Passage of AZ ‘Right to Refuse Service Bill’ draws protest, support

Windsor Genova – Fourth Estate Cooperative Contributor

Phoenix, AZ, United States (4E) – Some 200 people marched to the Arizona governor’s office Friday to protest against a recently-passed local bill that allows business owners to deny service to gay and lesbian customers.

The protest of the lesbian, gay, bisexual, transgender (LGBT) group Wingspan was staged as Democratic state lawmakers called SB 1062 or the “Right to Refuse Service Bill” discriminatory while the investment promotion agency Greater Phoenix Economic Council (GPEC) warned in a letter to Gov. Jan Brewer dated Friday that businesses will be open to damaging litigation and costly legal disputes.

“SB 1062 purports to strengthen religious rights, a matter that concerns us all. We each have the freedom to believe and worship as our consciences may dictate, but we don’t have the right to treat others improperly based on their beliefs or personal characteristics. There is already enough protection in the law to ensure legitimate expression of religious belief,” Wingspan said in a statement. “SB 1062 will only lead to increased hostility between and among Arizonans, and will distract us with expensive lawsuits. Wingspan strongly urges Governor Brewer to show leadership and veto this outrageous bill.”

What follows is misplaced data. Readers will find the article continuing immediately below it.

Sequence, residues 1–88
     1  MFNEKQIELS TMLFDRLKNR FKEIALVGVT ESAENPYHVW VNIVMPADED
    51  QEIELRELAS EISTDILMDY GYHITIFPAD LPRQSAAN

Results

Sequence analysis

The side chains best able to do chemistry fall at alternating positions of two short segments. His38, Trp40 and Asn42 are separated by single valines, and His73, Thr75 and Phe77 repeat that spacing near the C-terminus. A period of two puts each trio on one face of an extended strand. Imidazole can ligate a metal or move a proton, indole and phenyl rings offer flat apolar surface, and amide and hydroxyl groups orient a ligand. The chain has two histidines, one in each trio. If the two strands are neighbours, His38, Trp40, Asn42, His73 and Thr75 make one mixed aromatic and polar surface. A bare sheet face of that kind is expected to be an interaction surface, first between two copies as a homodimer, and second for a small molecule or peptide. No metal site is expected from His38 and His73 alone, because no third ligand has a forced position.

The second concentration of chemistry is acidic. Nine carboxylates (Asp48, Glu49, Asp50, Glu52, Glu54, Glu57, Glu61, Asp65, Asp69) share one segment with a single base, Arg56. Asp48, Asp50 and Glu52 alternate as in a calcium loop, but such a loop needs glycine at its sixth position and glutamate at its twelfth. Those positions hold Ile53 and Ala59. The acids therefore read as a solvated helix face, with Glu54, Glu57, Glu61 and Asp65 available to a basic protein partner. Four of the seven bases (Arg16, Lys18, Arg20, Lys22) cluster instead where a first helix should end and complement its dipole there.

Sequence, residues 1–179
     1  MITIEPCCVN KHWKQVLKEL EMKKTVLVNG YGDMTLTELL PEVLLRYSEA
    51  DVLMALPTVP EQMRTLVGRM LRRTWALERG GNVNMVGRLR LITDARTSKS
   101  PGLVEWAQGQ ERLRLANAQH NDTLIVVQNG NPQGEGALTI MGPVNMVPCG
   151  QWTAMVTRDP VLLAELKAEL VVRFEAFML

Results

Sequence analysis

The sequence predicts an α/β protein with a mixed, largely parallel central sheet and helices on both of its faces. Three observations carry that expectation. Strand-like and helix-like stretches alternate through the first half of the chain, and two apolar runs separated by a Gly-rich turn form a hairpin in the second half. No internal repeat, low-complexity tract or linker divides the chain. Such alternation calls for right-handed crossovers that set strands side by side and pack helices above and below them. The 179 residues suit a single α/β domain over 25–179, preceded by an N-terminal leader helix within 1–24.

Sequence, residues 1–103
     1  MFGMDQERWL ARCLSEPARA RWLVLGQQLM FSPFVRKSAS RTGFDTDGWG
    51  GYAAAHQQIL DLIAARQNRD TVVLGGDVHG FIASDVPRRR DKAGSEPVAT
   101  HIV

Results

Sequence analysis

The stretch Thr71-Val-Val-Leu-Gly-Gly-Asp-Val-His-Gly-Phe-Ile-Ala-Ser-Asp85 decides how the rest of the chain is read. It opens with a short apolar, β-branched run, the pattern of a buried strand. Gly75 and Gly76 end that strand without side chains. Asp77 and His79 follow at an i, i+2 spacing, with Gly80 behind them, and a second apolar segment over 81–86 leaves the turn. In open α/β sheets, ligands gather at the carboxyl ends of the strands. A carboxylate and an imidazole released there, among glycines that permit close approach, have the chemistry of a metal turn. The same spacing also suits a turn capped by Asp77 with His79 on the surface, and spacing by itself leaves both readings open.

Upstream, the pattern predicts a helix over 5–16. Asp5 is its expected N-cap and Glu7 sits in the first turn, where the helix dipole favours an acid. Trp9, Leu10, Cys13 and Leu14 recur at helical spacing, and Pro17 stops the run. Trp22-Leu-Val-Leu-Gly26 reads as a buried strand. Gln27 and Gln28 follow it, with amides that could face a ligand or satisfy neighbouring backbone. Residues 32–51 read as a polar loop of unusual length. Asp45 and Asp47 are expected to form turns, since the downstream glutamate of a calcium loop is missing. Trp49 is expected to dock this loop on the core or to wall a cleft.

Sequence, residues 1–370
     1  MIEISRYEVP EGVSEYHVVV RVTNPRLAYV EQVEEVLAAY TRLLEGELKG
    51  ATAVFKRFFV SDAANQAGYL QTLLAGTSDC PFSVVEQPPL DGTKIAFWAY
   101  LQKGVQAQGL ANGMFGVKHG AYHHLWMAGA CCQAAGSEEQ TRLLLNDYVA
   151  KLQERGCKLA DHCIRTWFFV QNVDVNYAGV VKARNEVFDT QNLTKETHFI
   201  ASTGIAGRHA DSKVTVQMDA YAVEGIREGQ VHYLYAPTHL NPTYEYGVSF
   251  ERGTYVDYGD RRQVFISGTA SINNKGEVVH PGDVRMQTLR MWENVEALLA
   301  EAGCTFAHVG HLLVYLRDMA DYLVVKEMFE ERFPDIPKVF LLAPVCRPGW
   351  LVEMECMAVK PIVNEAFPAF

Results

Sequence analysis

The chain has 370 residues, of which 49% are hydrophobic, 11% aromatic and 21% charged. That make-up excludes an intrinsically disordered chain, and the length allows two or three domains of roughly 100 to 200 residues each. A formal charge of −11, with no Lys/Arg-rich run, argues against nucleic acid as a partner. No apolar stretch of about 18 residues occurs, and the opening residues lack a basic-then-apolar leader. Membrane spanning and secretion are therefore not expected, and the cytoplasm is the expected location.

GPEC President Barry Broome also warned that the bill could subject the Super Bowl XLIX and other major Arizona events to boycotts. Broome said four unidentified companies have vowed to locate elsewhere if Brewer signs the legislation into law.

The Washington-based Americans United for Separation of Church and State as well as the American Civil Liberties Union of Arizona also regard SB 1062 as discriminatory.

Anti-abortion and anti-same-sex marriage group Center for Arizona Policy (CAP) defended the bill Saturday. The CAP helped draft SB 1062 after a New Mexico photographer was sued when she refused to photograph a same-sex wedding.

CAP President Cathi Herrod told CNN Friday that the bill is “simply about protecting religious liberty and nothing else” as Americans should be free to live and work according to their religious faith.

“America still stands for the principle that religious beliefs matter (for) something in this country, that we have the right to freely exercise our religious beliefs,” Herrod said.

CAP representative Aaron Baer told News/Talk 92.3 KTAR’s “Arizona’s Morning News Weekend” on Saturday that it is not anti-gay.

Baer said that the legislation is needed because judges around the country are ignoring laws that have been on the federal books since 1993 and in Arizona since 1999, and persecuting people of faith.

Baer allayed fears that the bill will let companies discriminate by refusing service to gay people, African-Americans or anyone they want. He said existing laws could have led to discrimination happening but did not.

Meanwhile, Brewer has yet to sign the controversial bill passed by the state House of Representatives on Thursday via a 33-27 vote. The governor plans to review the bill, according to her advisers.

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